Hoosick Township Historical Society

Buskirk

 

In the 1800s the Great Northern Turnpike extended from Lansingburgh to Rutland, Vermont. It crossed the Hoosick River at Buskirk, then known as Tioshoke, and proceeded north. It is said to have been routed through the West Hoosick area, crossing the river at Tioshoke and on to the old Stage Road. It continued along the Owl Kill Creek on its way to Rutland. The first lasting bridge (uncovered) was built in 1804 by Martin Van Buskirk. The bridge, known as the Buskirk Bridge, gave the community its lasting name. The first bridge was replaced in 1850 with a covered bridge that stands today. The East Buskirk Station and Depot were located on the West Hoosick Road, a short distance from today’s Route 67. It has been renovated into a house in recent years.

There have been three churches built in this community: the Dutch Reformed, Catholic and Methodist churches. The first was the Dutch Reformed Church. It was built in 1792, located at the corner of Route 67 and West Hoosick Road. The Dutch Reformed Church is there today. The Catholic Church is located near the Depot. The Methodist Church, a brick building located north of Route 67 next to the District School building. It was built in 1859 and services were held there until the mid 1950s.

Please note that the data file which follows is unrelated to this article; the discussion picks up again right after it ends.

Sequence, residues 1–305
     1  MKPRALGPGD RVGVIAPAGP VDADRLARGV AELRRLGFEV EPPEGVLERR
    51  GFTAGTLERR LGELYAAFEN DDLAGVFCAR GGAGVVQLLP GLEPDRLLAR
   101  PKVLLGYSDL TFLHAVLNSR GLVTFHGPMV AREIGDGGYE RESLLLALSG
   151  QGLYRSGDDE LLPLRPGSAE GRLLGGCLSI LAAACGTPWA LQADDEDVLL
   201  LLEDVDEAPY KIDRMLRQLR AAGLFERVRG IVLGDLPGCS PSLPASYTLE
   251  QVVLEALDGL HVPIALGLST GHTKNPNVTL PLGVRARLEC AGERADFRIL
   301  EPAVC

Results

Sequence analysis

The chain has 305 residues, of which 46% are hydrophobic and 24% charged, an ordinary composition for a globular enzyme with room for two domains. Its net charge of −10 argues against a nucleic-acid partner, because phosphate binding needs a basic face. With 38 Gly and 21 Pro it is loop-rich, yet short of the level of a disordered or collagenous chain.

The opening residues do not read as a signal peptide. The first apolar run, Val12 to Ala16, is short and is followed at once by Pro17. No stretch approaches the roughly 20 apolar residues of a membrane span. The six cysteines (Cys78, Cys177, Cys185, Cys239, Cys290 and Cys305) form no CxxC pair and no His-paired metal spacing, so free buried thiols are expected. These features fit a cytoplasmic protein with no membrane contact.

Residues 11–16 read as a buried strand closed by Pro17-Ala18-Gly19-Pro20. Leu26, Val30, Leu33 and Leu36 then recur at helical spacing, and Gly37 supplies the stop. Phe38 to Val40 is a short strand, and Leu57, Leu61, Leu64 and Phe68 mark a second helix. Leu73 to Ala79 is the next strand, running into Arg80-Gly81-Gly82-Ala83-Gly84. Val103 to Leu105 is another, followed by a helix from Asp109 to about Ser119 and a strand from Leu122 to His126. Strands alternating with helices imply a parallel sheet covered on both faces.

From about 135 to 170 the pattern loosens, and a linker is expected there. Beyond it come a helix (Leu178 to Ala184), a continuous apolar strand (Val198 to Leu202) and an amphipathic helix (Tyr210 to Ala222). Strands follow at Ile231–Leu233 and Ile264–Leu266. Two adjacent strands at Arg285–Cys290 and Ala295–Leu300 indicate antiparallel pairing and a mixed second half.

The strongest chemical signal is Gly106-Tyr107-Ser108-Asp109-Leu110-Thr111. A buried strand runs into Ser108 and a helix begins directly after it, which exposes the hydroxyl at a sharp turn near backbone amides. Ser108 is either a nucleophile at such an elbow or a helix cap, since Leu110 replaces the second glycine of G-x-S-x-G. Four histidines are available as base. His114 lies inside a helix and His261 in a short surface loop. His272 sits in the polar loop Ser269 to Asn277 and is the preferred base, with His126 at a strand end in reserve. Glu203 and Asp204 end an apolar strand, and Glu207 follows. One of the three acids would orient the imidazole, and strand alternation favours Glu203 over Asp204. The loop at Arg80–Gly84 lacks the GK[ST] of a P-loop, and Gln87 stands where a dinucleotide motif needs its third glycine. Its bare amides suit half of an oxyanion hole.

The Methodist Church property was bought from Cornelious and Permellia Lansing in 1843. The deed was signed over to the Buskirk Methodist Episcopal Church. The first building was a wooden structure. The brick building that replaced the original building was built 16 years later in 1859. The church building and property was sold to The Schaghticoke Encampment No 10 Independent Order of Odd Fellows (IOF) in 1962. The property is still in their possession.

The District School building was closed about 1958 or ’59 when the district joined the Cambridge Central School System. The Fire Department now owns the school building. They have added a structure for housing their fire trucks and equipment.

The Gold Medal Farms Milk Plant, known as the Creamery, was located next to the covered bridge. It was operated for over 125 years. Milk from local farms was processed into fluid milk for drinking and other milk products. The Creamery building burned on April 8, 19'74.

 

Compiled by Gilbert E Wright